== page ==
Writers are never just passive observers. Whether we’re reading or watching a movie, we don’t consume stories, we occupy them. We’re drawn into the events on the surface, while our subconscious minds pick apart the mechanics behind them. Continue reading How Replaying Movies Takes Writers Behind the Scenes
The very first line in Gillian Flynn’s Dark Places is, “I have a meanness inside me, as real as an organ. Slit me at my belly and it might slide out…”
Right out of the gate, I knew I was going to like this book. It spit in the face of everything my screenwriting background had taught me. Libby Day, Dark Place’s narrator, doesn’t care what the reader thinks of her and that’s one of her most endearing qualities. She doesn’t pet a dog to win us over. She doesn’t compensate with a sense of humor. If she’s an ice queen with a heart of gold, she doesn’t wear it on her sleeve.
Libby wins our affection almost by accident. She’s the lone survivor of a murder spree that claimed her mother and two sisters. The moment this personal tragedy could get our sympathy, we learn she’s been exploiting it for money, living off of donations, even having a self help book on recovery ghost written for her. Now she’s down to her last few dollars. She’s a loser who strives to be as unlovable as possible.
Libby testified that her teenage brother sacrificed her siblings in the name of Satan, but didn’t actually see the event go down. When a group of true crime junkies hire her to investigate her past, Libby starts to wonder if the killer is still out there.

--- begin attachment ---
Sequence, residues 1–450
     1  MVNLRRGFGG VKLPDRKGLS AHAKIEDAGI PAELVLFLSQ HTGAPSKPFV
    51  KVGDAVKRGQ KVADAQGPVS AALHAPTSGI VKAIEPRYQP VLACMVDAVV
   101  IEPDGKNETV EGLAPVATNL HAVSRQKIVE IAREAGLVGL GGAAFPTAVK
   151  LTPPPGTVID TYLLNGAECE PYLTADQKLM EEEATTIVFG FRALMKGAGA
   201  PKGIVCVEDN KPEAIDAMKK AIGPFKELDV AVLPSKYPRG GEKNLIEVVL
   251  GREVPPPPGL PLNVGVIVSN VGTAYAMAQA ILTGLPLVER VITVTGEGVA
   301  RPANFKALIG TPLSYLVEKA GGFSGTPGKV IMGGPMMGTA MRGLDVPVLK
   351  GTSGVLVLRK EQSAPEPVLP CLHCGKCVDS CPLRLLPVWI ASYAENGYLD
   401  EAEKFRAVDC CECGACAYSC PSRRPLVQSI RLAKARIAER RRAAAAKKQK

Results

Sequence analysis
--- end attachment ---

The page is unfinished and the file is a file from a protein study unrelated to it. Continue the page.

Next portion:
Libby’s call to action forces her to grow fast. Since she starts from such a low place, she has nowhere to go but up. Even though, she set out to rub us the wrong way in chapter 1, we find ourselves rooting for her when the book is done. Her no bullshit attitude proves beneficial. She doesn’t come with a strong moral code, but she finds one on the way.
These are the types of stories I love the most: likability long cons. If Libby had started as a grown up girl scout, she wouldn’t have commanded my attention.
Ask yourself, if Tony Stark was a gentleman from frame one, how compelling would you have found his transformation into Iron Man? If Han Solo never cared about Galactic Credits, how much would you have cared when he helped the rebellion at the last minute? If Catwoman hadn’t stollen Bruce Wayne’s fingerprints, would you have cared as much when she decided to help him save Gotham?